For the sake of around eight to 10 minutes on a shuttle bus, this is a disparity of around $1,600 psf, versus the two newer launches at over $2,000 psf.
Of course, as always, judging affordability solely by psf isn’t always accurate. Older condos would typically come with bigger floor plates as well, so the resulting quantum may not always be cheaper in the favour of the older condo.
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3. Check if different payment schemes work better for you
At a time when monthly loan repayments are rising, the Progressive Payment Scheme (PPS) is worth keeping in mind. As we detailed in our previous article, it can be quite some time (up to the point of completion) before you’re paying the entire monthly loan amount. For some buyers, this can be preferable to buying resale condos, where you need to pay a minimum of 25 per cent of the price upfront.
The catch is that new launches are expensive, and are always priced higher than existing resale counterparts. So while payments may be more comfortable at the start, keep in mind that you could still be paying more.
As a bonus, the PPS adds a layer of safety at a time when the construction industry is volatile. Due to uncertainties from the war in Europe, developers run the risk of delays – but under the PPS you won’t end up paying more until the specific construction phases are complete.
There is also the Deferred Payment Scheme (DPS), which is not always available. This may sometimes be offered for new launch properties, which are completed but not yet sold. The DPS requires 20 per cent down payment, and can allow you to wait for as long as two years before monthly loan repayments begin*.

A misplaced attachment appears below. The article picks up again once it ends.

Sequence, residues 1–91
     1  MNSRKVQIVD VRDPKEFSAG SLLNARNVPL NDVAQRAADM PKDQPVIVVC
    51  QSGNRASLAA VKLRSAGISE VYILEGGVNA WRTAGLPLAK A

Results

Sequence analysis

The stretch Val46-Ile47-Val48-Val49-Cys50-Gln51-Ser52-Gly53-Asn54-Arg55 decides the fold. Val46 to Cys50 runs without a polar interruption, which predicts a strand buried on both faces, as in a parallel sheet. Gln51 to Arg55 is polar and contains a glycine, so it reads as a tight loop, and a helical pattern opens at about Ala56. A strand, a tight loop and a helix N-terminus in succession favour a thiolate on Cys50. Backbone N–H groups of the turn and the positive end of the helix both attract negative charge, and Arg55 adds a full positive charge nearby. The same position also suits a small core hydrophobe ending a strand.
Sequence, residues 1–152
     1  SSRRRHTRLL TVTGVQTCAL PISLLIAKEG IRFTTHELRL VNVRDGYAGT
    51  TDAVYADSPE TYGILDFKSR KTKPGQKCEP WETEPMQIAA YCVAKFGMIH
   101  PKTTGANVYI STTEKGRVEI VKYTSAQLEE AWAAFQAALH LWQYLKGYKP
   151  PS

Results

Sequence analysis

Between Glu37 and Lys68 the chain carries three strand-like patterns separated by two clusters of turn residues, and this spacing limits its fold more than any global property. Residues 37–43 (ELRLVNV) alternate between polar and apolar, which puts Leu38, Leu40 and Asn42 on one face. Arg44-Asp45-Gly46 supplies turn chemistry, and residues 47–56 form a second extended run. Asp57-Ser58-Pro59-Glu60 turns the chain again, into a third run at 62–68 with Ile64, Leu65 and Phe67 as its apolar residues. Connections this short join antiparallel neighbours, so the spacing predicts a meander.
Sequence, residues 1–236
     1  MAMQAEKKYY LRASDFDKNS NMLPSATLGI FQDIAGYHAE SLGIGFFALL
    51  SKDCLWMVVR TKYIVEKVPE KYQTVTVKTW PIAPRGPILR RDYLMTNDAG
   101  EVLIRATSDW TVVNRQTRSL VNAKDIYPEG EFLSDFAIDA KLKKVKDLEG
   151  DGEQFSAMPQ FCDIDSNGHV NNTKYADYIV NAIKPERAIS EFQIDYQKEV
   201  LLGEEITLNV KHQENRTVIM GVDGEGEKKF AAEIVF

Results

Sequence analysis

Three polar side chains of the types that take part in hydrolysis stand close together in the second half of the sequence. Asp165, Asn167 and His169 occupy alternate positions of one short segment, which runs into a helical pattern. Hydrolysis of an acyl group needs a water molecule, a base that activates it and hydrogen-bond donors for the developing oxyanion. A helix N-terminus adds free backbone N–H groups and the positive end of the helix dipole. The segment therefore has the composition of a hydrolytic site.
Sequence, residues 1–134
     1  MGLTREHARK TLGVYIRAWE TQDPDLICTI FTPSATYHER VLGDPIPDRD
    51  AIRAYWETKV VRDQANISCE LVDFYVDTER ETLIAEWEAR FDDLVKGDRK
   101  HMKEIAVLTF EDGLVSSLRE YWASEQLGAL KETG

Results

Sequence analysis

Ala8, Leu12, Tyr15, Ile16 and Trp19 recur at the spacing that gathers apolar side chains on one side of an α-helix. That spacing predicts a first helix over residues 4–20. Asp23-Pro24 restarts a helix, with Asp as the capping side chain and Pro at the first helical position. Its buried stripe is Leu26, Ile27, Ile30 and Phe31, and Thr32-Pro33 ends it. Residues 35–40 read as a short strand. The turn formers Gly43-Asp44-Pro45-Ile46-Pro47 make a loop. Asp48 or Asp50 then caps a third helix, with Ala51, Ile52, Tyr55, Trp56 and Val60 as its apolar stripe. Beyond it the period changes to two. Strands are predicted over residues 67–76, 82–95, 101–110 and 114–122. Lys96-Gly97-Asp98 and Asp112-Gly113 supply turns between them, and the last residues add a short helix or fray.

We’re less inclined to highlight this as a solution though, as units sold under this scheme tend to be priced at a premium. It’s also risky from a financial perspective, as your income situation may change two years from now – if you subsequently cannot secure a loan for the unit, then the 20 per cent you’ve paid is forfeit; and some other penalties may apply.
*The terms can vary between different projects, so check the fine print!
4. Consider buying without renovating, if that would help with the costs
If you have money set aside for renovations, consider using it for your down payment instead. Remember there’s no rule that you must renovate right away. If you can find a resale unit where the renovations are new (e.g., done within the past five years), consider buying it first and living with the existing set-up.
You can then save up for a while, and get around to renovating it later. Remember that the longer you wait in a property boom, the higher the price may climb.
The downside is that this may rule out some of the older – and hence much cheaper – resale flats. It’s a bit of a balancing act: you want a unit where the renovations are recent enough to be liveable, but not so new that there’s a premium attached.
One example to watch out for is five-year-old resale flats. While these may save you some renovation costs, the premium attached – in the form of Cash Over Valuation (COV) – may be difficult to justify.
We explained in this earlier article why these flats can command exceptionally high prices.
Do also consider that while buying a newly renovated unit may cost more, because the reno is effectively factored into the house price – you are essentially able to take a loan for it. In contrast, buying a cheaper home that needs significant renovation may mean that you may have to come out with more cash to pay for the renovation. Remember, the maximum home renovation loan you can take is $30,000 (unless you take up more than one with a different bank).
Finally, if buying would stretch your finances too far, don’t be afraid to rent first
In a pricey market with rising interest rates, you can set aside old beliefs like “renting is wasting money.” 2023 is turning out to be a volatile year: combined with the Sellers Stamp Duty (SSD), and a 15-month wait-out to buy resale flats after selling a private home, it will be tough to offload any properties that become a liability.
If you need to, err on the side of caution and rent. We know it’s painful given the high costs in the rental market at the moment, but it still beats a bad buy at a property peak.
Stay with us on Stacked as we seek solutions in the 2023 market, and remember you can reach out to us directly for any help you need.